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They claimed a piece of lead pipe and a shotgun barrel were all detectives found.
Brazier said T.W.O. received $935,000 in federal funds for its youth projects last June, and will submit a new budget request sometime in April.
The CHAIRMAN. The next question is: Do you have any direct evidence which refutes this?
In other words, that it didn't happen, that they didn't poll them. Do you have any evidence that would refute it?
Mr. GRIFFIN. I couldn't say whether they were polled or not, sir.
The CHAIRMAN. One other question: Is it not true, Commander Griffin, that you arranged to allow a peaceful demonstration march by the Rangers recently and vouched for the fact they would be peaceful?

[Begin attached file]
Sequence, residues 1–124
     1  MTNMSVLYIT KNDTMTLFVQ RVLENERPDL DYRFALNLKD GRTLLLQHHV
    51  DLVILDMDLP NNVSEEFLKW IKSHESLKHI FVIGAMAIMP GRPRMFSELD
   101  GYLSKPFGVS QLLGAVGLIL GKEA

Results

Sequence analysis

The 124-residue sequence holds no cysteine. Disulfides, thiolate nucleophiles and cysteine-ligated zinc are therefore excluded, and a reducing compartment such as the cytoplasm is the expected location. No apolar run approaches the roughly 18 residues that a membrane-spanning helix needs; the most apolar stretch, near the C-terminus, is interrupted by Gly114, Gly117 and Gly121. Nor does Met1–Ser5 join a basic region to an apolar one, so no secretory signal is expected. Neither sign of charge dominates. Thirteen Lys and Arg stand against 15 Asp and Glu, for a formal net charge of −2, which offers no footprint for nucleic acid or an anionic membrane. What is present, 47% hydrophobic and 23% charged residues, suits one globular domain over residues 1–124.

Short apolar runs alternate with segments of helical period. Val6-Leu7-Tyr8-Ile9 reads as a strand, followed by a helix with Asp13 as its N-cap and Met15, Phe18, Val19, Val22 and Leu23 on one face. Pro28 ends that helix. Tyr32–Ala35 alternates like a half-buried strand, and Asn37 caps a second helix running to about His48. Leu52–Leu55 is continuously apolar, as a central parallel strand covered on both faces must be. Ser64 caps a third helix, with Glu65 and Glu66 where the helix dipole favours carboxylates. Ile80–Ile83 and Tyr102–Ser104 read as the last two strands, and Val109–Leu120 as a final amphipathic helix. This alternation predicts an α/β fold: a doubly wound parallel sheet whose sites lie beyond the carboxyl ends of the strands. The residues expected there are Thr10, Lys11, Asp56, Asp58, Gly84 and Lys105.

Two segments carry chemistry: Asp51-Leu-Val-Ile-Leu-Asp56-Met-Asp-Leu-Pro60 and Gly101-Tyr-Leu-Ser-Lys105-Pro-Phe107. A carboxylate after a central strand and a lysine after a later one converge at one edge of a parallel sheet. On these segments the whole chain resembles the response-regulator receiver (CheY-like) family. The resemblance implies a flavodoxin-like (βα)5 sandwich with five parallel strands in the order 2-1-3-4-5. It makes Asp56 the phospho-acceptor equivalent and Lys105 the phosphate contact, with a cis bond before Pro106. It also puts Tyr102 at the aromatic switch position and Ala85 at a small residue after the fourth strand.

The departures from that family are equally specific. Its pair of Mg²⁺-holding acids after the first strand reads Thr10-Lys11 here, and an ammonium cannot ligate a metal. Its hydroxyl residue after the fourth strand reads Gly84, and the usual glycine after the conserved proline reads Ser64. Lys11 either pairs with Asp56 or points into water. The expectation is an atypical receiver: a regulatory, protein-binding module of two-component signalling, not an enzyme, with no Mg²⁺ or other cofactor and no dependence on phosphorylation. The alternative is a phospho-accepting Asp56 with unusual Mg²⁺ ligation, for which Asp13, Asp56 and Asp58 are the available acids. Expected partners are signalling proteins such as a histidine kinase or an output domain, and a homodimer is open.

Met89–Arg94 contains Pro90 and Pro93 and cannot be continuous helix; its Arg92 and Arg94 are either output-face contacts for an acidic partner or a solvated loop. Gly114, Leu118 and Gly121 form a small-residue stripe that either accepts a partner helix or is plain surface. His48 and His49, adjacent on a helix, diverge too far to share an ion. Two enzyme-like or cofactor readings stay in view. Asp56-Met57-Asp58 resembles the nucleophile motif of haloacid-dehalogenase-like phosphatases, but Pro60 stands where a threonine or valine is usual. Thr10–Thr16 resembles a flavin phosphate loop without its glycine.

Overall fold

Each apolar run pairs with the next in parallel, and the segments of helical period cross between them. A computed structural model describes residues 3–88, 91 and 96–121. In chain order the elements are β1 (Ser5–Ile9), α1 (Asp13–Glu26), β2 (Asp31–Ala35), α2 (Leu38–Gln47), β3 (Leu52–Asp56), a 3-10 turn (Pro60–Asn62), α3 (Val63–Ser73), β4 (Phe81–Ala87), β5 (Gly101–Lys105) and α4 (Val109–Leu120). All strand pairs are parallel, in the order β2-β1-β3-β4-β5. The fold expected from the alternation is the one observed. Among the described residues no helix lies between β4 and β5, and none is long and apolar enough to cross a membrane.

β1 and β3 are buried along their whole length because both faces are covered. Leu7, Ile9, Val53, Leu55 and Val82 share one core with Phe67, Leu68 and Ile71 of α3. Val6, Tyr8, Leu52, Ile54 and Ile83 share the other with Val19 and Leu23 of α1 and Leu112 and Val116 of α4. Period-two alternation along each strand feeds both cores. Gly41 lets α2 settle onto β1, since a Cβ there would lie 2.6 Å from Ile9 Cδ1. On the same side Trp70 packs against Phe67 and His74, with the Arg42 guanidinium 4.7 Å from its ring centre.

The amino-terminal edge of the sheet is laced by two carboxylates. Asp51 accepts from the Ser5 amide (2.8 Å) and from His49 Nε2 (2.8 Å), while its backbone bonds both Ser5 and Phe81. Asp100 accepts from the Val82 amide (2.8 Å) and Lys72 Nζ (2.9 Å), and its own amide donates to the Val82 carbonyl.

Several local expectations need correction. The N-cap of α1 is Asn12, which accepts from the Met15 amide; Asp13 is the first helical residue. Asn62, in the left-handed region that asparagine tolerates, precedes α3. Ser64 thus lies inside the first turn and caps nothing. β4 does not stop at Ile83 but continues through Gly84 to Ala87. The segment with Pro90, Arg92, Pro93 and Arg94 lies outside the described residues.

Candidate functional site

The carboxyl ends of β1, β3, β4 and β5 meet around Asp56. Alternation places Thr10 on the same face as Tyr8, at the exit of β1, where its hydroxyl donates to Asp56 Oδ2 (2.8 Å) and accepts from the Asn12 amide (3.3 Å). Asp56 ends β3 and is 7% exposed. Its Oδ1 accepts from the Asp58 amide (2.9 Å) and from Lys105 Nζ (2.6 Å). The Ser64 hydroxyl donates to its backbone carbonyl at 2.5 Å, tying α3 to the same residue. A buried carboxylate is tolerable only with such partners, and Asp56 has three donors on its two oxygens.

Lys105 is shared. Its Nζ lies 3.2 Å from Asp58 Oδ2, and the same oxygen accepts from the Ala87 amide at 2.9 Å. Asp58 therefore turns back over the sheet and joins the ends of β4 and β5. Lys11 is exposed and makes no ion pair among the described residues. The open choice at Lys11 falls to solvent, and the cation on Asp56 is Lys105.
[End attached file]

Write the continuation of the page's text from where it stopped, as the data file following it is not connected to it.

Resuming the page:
Mr. GRIFFIN. No, sir. That was arranged by Deputy Chief Reardon. The CHAIRMAN. By whom?
Mr. GRIFFIN. Deputy Chief Reardon, my boss. I had worked 26 straight hours and I was informed that the Rangers were forming on the street and I thought that it may be an attempt at violence.
I threw some water on my face. When I got out there, the march had terminated.
The CHAIRMAN. Then it may have been arranged by your boss?
The CHAIRMAN. We will confer with you about your other testimony.
Mr. BRACKETT. Could we have a 2-minute recess, Senator?
(Whereupon, at 11:28 a.m., the subcommittee took a brief recess. Members present at time of recess: Senators McClellan, Mundt, and Curtis.)
(Whereupon, the subcommittee reconvened at 11:33 a.m. after a brief recess, with the following members present at time of reconvening: Senators McClellan, Mundt, and Curtis.)